If you receive a paper paycheck from your employer instead of a direct deposit, you have two primary options: (i) you can deposit the check into your bank account, or (ii) you can cash your paycheck and get access to your funds immediately.
If you cash your paycheck, will the IRS know? Or, can you avoid reporting your income to the federal government if you don’t have a record of deposits that the IRS can trace? The short answer is: The IRS will know, and not reporting your income can have serious consequences.
How the IRS Knows About Your Income
When you earn income, you aren’t the only one that is required to report your income to the IRS. Your employer is required to report your income as well—and most employers do so.
Employers must report their employees’ income in order to pay the federal employment taxes they owe. They must also report and remit the FICA taxes (Social Security and Medicare) that they withhold from their employees’ paychecks. For employers, failure to pay the employment taxes they owe (both the company’s share and their employees’ share) can have serious consequences—including criminal consequences in some cases.
Employers can also deduct their payroll expenses to reduce their federal income tax liability. To deduct these expenses, they need to clearly document the wages and salary they pay. In the event that the IRS audits the company’s income tax returns, the company must be able to substantiate its claimed payroll deductions with records it has on-hand.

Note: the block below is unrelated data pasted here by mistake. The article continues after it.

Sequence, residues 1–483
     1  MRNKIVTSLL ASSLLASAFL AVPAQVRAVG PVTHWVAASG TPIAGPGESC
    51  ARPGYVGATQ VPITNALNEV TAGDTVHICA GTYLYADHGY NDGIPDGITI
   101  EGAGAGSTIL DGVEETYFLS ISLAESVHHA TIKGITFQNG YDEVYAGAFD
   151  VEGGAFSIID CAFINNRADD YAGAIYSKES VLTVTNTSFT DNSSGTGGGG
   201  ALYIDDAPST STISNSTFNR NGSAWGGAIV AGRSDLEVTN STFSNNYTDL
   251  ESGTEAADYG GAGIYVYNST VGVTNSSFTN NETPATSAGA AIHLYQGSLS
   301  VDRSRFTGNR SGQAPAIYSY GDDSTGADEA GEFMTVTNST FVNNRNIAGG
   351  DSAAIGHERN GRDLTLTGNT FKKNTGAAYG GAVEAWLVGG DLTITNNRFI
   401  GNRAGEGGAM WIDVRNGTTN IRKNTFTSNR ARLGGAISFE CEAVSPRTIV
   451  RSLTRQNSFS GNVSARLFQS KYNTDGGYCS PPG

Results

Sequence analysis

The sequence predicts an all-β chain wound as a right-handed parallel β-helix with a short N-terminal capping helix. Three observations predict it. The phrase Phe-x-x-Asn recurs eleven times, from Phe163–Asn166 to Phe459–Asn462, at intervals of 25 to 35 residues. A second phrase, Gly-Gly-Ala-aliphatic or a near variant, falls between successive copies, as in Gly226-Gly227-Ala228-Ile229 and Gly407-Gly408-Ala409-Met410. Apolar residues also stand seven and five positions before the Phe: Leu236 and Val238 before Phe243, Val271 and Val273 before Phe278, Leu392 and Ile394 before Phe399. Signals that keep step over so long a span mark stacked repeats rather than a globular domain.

In short, your employer has several reasons to report your income to the IRS.
If your employer reports your income to the IRS and you don’t, this can lead to a tax audit. If the IRS determines that you have intentionally failed to report your income, it can also lead to a criminal tax fraud investigation. Tax audits can lead to liability for back taxes, interest and penalties, while criminal tax fraud investigations can lead to fines and prison time.
What to Do if You Haven’t Reported Your Income to the IRS
Employees who have failed to report their income to the IRS need to be very careful. While filing a late (or “delinquent”) return is one option, this can trigger IRS scrutiny. Reporting multiple years’ income on a single return (referred to as a “quiet disclosure”) can trigger IRS scrutiny as well. In this scenario, your best option may be to make a voluntary disclosure, but before you do so, you need to make sure you are eligible to receive the protections that are available.
Discuss Your Situation with Tax Lawyer Kevin E. Thorn in Washington D.C.
If you have been contacted by the IRS, or if you need to know more about your options for addressing a failure to file, we encourage you to contact us promptly. To request an appointment with tax lawyer Kevin E. Thorn, Managing Partner of Thorn Law Group, call 202-349-4033, email firstname.lastname@example.org or contact us confidentially online today.